Minneapolis City Council members are calling for JPMorgan Chase to sever its ties with the Trump administration and divest from private prisons and immigration detention centers, the latest move by city leaders to push against the administration from a local level.
Council Members Elizabeth Glidden, Cam Gordon and Lisa Bender sent a letter to JPMorgan Chase CEO Jamie Dimon on June 27 calling for the bank to withdraw from President Donald Trump’s business council, issue a statement against Trump’s “anti-immigrant, refugee and Muslim agenda” and stop financing private prison companies and immigration detention centers.
It’s the second time in less than a year that council members have taken issue with a major bank’s investment practices. In December, the council asked city staff to explore ending the city’s relationship with Wells Fargo because of the bank’s investment in the Dakota Access pipeline.
Minneapolis is scaling back its relationship with Wells Fargo and other big banks. The city previously had a mutual fund investment with JPMorgan Chase, but it has not had a relationship with the bank for at least four years, said Chief Financial Officer Mark Ruff.
The letter was spurred by the national Corporate Backers of Hate campaign, an effort by two nonprofits — the Center for Popular Democracy and Make the Road New York — to put pressure on corporations that support the Trump administration or stand to benefit from its policies. A spokeswoman for JPMorgan Chase declined to comment.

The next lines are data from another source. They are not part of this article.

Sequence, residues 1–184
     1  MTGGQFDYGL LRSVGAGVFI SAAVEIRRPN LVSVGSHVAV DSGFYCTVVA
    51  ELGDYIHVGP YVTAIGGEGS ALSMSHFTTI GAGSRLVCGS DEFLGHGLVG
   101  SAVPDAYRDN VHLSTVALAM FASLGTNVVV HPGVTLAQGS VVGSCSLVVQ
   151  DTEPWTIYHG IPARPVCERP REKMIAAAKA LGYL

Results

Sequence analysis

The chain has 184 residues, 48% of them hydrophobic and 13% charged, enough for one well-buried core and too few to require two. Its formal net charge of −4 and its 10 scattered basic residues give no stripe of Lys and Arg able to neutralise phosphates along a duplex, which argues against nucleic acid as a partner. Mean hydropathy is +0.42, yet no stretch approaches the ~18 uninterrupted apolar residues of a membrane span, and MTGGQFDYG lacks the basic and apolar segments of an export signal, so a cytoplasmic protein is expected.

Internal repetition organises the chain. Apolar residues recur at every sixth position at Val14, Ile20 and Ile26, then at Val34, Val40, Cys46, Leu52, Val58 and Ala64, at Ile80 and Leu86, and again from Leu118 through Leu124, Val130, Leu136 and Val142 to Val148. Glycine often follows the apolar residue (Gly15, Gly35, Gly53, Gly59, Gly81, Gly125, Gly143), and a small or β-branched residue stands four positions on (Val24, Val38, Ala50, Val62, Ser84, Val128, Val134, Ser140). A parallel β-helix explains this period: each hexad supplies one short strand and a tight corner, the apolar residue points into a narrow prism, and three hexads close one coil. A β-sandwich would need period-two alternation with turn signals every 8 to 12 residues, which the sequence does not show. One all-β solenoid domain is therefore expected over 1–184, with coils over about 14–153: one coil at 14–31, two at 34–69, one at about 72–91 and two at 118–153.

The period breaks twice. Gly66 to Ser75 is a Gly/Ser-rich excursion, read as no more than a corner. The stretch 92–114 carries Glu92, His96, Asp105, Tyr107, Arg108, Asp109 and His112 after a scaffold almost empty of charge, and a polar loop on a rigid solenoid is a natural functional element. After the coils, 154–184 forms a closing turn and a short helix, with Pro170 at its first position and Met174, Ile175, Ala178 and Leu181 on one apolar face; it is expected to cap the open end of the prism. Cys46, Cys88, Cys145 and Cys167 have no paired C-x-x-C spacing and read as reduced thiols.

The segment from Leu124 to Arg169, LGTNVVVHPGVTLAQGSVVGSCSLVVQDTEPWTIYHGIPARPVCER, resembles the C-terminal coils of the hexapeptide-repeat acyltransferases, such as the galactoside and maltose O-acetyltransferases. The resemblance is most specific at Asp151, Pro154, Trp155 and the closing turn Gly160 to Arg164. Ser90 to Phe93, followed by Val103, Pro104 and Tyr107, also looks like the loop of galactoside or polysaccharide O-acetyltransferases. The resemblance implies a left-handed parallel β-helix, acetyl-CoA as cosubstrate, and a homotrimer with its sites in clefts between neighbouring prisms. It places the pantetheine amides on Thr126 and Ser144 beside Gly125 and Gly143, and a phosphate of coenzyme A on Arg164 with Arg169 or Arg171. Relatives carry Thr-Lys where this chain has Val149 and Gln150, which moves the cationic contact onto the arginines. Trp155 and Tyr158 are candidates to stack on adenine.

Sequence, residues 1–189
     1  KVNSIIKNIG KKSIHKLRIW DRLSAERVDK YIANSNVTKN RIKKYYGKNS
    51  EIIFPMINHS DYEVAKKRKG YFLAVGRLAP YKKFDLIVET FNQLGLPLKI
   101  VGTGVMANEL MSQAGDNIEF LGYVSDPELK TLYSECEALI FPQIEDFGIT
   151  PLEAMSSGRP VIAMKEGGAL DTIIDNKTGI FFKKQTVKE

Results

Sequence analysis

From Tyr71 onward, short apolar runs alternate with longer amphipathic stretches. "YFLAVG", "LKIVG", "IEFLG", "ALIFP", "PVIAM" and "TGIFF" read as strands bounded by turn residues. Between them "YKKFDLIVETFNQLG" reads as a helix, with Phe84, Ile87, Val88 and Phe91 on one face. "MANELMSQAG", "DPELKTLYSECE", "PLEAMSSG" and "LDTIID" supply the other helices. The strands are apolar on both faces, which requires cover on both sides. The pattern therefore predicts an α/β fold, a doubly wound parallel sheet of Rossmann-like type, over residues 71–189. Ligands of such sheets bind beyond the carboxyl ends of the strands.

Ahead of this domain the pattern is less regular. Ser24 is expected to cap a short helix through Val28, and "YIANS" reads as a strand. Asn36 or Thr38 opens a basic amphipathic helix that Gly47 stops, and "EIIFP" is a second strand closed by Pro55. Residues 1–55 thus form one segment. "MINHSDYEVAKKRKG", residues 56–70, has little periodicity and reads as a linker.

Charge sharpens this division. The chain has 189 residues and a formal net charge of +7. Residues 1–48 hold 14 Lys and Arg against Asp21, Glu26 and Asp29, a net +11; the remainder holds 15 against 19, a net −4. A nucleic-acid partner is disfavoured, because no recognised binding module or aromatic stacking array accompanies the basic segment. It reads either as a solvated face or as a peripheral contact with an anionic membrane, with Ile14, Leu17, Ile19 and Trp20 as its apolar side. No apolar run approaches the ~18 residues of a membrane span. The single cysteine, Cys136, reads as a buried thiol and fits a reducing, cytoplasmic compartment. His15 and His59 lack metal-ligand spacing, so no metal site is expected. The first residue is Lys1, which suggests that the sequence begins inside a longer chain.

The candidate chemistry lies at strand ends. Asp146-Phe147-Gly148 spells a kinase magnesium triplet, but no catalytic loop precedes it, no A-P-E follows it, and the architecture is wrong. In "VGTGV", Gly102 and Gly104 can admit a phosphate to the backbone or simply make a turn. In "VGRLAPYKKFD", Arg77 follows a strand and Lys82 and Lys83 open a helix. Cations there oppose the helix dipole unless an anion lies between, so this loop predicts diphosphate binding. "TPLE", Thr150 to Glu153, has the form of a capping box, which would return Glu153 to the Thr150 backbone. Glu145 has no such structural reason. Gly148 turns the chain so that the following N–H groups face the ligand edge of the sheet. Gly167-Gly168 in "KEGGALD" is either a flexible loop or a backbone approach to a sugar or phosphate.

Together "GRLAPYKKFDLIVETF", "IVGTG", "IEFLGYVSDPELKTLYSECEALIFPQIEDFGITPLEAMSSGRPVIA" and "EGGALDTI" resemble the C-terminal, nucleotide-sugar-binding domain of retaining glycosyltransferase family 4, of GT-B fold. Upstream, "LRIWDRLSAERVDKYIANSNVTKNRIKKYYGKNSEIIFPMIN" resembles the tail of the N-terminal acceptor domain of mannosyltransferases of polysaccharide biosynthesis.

“This is just part of a broader effort to ensure that those who lead some of our largest corporations in the United States have input from those of us who are affected by their business practices,” Glidden said. “If we are silent, we have only ourselves to blame.”
The campaign, which launched in April, targets corporations including JPMorgan Chase, Wells Fargo, Goldman Sachs and BlackRock. The campaign’s leaders draw a connection between Trump’s January executive orders on immigration and the ways in which investors in private detention facilities could benefit if those facilities are expanded as a result of the president’s policies.
“It’s our position that corporations and their leadership should not be let off the hook for their involvement with Trump, and the ways in which they are positioned to profit from his agenda,” said Deborah Axt, co-executive director at Make the Road New York.
Minneapolis leaders came out against the January executive orders in February, passing a resolution condemning Trump’s actions and directing city staff to create a sanctuary city task force aimed at better protecting undocumented immigrants, Muslims and refugees living in the city.
Council members aren’t planning to introduce any policies or resolutions related to JPMorgan Chase, Glidden said.